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Assisted GPS (A-GPS) is a system allowing global positioning system (GPS) receivers to obtain information from network resources to assist in satellite location. An A-GPS system is especially useful when the receiver is in a location where it is difficult for the satellite signals to penetrate.
GPS was originally built solely for military purposes, where it was used to guide aircraft, soldiers, and even bombs. In most instances, the receivers were positioned in open areas having line-of-sight access to satellites. But since GPS was opened for commercial use, new applications introduced greater demands on the system.
These new applications required GPS signals to reach places blocked by some sort of overhead cover such as trees or roofs. Thus, the concept of A-GPS or assisted GPS was created. In addition to providing better coverage, A-GPS also improves the start-up time, which is the time required by the satellites and the receivers to establish a reliable connection. This originally took about one minute. For even better coverage, some cellphones make use of a combination of A-GPS and other location-based technologies such as a Wi-Fi positioning system and cell site triangulation.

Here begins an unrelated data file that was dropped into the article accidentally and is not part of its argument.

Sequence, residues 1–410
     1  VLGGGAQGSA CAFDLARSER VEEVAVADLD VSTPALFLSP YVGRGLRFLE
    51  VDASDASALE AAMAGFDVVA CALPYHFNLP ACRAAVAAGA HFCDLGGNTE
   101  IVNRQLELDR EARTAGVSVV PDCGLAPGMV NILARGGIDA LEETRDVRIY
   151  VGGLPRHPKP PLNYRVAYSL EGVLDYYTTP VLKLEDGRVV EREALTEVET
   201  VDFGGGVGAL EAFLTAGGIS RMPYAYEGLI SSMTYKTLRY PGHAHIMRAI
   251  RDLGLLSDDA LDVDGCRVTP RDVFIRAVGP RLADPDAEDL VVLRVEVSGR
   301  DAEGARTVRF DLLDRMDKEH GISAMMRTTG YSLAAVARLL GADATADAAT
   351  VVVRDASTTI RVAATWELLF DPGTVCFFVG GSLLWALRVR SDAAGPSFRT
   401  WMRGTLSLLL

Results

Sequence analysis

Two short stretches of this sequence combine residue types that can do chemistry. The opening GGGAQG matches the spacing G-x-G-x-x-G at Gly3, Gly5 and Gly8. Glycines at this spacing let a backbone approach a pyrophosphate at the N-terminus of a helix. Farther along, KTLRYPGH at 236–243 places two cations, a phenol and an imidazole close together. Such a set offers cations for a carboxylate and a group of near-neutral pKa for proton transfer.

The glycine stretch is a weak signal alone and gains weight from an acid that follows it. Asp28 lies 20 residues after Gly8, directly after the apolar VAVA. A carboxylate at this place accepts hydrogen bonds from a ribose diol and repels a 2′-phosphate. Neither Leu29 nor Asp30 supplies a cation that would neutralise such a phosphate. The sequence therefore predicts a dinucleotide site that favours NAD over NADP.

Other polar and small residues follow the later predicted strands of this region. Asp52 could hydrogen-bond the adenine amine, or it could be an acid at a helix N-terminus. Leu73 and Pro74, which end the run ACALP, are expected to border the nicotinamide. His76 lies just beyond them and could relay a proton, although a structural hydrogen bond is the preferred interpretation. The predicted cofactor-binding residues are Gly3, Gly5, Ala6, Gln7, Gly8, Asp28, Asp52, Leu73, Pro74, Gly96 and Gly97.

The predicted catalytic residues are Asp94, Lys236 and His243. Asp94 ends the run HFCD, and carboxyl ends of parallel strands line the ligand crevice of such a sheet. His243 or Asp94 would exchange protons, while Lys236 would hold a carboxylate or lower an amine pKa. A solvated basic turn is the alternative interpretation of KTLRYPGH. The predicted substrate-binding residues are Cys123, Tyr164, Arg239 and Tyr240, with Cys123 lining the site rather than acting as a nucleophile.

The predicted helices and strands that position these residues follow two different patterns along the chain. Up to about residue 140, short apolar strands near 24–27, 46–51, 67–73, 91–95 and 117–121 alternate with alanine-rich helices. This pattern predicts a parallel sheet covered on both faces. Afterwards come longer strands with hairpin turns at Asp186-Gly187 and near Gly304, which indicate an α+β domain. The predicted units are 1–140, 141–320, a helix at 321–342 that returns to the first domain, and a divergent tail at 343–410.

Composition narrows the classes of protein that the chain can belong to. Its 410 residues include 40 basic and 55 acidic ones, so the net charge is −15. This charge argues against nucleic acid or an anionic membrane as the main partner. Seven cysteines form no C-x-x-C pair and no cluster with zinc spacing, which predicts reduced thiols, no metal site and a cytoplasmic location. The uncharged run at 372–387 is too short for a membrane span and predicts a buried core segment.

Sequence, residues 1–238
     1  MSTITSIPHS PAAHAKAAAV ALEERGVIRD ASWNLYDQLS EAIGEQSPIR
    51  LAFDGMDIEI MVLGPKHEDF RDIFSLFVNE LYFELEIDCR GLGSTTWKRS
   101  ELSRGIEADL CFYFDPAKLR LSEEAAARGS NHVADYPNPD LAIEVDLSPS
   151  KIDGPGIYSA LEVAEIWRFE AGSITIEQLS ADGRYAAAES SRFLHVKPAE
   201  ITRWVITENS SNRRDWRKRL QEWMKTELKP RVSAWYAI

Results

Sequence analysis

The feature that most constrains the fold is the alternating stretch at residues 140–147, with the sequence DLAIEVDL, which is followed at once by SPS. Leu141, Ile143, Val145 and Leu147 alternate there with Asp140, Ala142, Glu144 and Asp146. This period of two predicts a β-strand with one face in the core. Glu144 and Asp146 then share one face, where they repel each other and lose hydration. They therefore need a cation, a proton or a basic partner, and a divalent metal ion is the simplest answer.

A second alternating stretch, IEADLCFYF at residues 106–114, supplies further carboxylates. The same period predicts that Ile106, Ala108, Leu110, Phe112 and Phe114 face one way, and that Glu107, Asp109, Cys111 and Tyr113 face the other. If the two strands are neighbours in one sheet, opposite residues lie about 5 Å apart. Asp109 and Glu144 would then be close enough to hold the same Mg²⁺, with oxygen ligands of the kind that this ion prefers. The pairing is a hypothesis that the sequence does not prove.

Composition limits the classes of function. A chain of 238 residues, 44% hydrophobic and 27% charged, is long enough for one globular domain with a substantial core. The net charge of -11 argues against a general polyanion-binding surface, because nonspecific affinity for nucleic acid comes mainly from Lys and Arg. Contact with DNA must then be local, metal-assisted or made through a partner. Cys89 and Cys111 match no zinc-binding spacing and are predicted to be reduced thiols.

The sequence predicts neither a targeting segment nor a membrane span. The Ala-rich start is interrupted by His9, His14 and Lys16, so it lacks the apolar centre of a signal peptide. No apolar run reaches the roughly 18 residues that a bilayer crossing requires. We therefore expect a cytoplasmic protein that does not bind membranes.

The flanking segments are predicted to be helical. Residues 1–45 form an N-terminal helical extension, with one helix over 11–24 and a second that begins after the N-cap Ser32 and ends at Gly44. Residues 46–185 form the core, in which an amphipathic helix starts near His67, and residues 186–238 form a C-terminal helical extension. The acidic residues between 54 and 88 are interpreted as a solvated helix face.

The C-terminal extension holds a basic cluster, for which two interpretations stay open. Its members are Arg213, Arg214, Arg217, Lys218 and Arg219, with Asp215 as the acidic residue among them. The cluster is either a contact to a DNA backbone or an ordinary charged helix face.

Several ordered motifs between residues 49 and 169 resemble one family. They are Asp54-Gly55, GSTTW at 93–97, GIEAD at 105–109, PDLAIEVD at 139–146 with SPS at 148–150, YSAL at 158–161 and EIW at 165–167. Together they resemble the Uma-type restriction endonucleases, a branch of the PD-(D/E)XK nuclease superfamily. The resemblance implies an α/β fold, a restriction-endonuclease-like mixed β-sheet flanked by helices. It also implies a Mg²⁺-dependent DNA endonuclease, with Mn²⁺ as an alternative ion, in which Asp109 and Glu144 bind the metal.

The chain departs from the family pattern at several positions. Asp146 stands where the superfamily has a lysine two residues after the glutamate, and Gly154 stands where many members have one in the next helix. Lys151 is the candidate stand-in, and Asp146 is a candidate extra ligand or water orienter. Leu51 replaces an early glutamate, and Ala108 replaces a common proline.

Some of the first A-GPS-enabled cell phones, such as those from Verizon Wireless and Sprint-Nextel, had special chips allowing them to lock into the system, even with only two satellites in the line-of-sight. Additional information was provided by the carriers’ wireless network. These chips are much less expensive than regular GPS chips and consume less power.